The Masshouse scheme that will house the new magistrates’ court complex is set to be the first major development to tap into Birmingham’s greenest power source.

The developer behind the £600 million scheme has signed a deal with Birmingham District Energy Company Ltd (BDEC) to receive power from the new Jennens Road Energy Centre on Aston University’s campus.

The power will be generated by two Combined Heat & Power (CHP) engines totalling 3MWe, which will circulate heat in the form of high pressure hot water to connected buildings.

The energy will be used to heat buildings and could also be used to create chilled water for air-conditioning through the use of an absorption chiller.

The low carbon energy will generate an 88 per cent reduction in CO2 emissions for Masshouse, when compared to traditional forms of energy.

The innovation will also give all the Masshouse buildings a BREEAM excellent rating. Nick Payne, chairman of Masshouse Developments Ltd, said: “It is tremendous news that Masshouse will be the first live development in Birmingham to be connected to the city’s growing network of CHP Energy Centres.

“Over the past five years, Birmingham City Council’s Urban Design team and low carbon energy specialists Utilicom have been working in partnership to deliver sustainable energy across the city centre.

“Large public and private sector buildings that are connected to Birmingham’s first District Energy Centre next to the ICC and NIA have together generated carbon emission reductions of over 4,500 tonnes since 2007.

“The new Eastside Energy Centre that Masshouse is the first development to be connected to will help to deliver further significant reductions in carbon emissions across the city.”

BDEC has calculated that by powering the future new magistrates’ court - that is due to be completed in 2013 – with low carbon energy, 89 tonnes of CO2 emissions will be saved per year.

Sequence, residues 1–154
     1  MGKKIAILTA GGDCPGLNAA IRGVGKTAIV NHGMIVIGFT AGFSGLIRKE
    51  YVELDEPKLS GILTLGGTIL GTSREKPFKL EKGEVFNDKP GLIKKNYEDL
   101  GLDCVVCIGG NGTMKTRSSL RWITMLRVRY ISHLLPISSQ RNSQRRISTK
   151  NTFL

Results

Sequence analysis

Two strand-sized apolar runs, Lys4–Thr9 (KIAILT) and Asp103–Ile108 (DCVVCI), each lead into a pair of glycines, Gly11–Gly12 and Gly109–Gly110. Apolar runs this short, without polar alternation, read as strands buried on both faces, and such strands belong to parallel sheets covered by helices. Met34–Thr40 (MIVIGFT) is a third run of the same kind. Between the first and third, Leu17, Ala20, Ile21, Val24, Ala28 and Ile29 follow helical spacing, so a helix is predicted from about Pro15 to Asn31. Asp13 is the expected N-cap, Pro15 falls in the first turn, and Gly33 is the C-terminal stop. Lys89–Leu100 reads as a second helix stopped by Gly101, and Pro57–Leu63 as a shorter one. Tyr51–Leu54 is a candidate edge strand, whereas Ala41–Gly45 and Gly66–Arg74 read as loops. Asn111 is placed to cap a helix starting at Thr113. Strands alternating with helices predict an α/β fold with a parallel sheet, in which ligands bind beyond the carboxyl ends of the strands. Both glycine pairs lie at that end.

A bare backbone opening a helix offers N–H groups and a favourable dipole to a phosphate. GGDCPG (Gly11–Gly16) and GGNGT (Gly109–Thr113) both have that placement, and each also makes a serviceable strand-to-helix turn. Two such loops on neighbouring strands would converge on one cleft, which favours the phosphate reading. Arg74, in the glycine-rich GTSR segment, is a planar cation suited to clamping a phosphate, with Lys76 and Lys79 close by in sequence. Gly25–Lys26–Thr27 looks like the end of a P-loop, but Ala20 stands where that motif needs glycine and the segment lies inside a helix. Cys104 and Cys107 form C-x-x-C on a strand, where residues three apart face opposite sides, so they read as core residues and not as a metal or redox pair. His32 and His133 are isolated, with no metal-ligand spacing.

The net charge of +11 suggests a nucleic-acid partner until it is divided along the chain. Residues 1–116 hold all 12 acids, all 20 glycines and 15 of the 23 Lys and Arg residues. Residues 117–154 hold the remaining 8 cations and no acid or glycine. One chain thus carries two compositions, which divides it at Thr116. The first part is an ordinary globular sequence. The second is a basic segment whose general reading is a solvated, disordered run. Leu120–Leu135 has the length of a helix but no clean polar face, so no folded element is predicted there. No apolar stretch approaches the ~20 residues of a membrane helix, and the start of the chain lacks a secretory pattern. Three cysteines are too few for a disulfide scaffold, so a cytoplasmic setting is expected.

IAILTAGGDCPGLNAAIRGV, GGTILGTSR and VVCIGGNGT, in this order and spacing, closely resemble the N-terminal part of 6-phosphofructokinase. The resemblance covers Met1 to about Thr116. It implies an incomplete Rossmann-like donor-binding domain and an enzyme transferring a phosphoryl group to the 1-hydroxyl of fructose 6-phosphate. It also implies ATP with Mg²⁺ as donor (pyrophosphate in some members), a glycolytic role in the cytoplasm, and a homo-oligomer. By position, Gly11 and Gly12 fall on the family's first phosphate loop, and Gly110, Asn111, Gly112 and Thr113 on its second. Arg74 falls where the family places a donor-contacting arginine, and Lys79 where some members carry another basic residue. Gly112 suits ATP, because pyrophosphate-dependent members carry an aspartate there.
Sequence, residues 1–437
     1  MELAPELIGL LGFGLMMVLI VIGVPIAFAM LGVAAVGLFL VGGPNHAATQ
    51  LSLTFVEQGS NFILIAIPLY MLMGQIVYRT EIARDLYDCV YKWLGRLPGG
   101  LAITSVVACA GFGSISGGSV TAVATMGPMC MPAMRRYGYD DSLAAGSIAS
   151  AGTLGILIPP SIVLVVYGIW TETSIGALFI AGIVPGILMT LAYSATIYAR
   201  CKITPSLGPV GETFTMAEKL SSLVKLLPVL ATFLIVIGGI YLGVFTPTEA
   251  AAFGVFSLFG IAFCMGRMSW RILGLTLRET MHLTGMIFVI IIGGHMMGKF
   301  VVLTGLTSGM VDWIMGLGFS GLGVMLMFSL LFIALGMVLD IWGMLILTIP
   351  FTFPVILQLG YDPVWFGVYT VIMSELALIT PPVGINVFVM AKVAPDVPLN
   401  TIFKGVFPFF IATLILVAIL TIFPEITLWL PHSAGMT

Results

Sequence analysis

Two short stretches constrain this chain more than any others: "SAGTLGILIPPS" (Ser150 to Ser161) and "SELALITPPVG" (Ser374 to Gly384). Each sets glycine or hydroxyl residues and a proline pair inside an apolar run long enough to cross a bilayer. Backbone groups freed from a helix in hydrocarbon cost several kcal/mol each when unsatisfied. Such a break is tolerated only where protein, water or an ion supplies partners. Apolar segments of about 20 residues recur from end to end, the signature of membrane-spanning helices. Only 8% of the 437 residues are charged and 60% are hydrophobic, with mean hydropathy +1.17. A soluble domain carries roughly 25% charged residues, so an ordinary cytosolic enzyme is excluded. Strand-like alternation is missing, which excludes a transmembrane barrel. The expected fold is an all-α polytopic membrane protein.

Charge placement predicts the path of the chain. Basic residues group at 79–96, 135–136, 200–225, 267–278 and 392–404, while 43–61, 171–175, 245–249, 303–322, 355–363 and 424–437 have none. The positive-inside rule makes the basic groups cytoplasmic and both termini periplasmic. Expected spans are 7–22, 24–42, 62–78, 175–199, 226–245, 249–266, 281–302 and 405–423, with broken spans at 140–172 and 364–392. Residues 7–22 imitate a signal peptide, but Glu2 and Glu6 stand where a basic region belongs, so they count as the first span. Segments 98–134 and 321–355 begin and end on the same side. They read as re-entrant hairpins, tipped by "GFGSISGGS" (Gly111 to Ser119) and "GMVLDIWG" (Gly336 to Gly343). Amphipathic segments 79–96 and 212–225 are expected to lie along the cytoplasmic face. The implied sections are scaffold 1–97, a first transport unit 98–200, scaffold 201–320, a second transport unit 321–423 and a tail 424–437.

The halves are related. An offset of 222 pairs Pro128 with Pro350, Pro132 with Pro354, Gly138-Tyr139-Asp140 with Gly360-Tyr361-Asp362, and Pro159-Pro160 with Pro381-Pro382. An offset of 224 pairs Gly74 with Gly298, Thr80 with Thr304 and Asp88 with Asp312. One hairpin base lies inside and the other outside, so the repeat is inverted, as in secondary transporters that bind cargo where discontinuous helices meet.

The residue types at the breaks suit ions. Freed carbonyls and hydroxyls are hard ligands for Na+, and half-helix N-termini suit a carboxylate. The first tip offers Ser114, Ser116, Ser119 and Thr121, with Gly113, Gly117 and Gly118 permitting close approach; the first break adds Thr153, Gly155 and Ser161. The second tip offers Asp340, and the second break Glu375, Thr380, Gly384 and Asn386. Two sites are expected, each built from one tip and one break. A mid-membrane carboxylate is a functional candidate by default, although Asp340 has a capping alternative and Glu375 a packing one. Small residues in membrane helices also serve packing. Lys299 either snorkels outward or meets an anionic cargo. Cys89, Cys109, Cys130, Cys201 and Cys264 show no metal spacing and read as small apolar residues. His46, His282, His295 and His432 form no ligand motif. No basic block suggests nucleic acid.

The low carbon energy scheme also reduces the space and maintenance requirements of satisfying a building’s energy demands. All future buildings at Masshouse will be served with low carbon energy by BDEC under 20 year energy supply agreements.

While Masshouse Developments Ltd has paid for the infrastructure to be laid to enable low carbon energy to be supplied to the Magistrates’ Court site, the billing for the power will go direct to Her Majesty’s Court Service.

Councillor Paul Tilsley, deputy leader of Birmingham City Council, added: “Laying the infrastructure to connect all future buildings at Masshouse to the new Eastside Energy Centre is a key milestone for the rapid expansion of Birmingham’s low carbon district energy scheme.

“Birmingham City Council is working towards the target of reducing the city’s carbon footprint by 60 per cent by 2026.

This ambitious target relies on advances in sustainable energy and Birmingham is one of the most proactive cities in creating a district energy system.

“Over the coming years, we will be actively working to create more Energy Centres across the city, enabling hundreds of existing and future buildings to benefit from low carbon energy,” he added. At Aston University, the CHP system will provide heat and electricity for various buildings on campus, including the new halls of residence, set for completion next year.

Garry East, director of estates at Aston University, said: “The new sustainable Energy Centre for Eastside is located on our campus, replacing our inefficient traditional energy supply unit.

“As well as supplying heat and power to the University campus, we are delighted that the Energy Centre will also be able to supply energy to the rest of Eastside, ensuring carbon emissions in this area are kept to a minimum,” he added.

Simon Woodward, chief executive of Utilicom, which owns and operates BDEC said: “The signings of both the connection and supply agreements are a significant milestone for the Birmingham District Energy scheme.

“It not only signifies the beginning of rapid expansion for the scheme, but also the collective commitment of local developers – the scheme’s core customers – and Birmingham City Council to work with BDEC to embrace a city wide and low carbon District Energy vision.”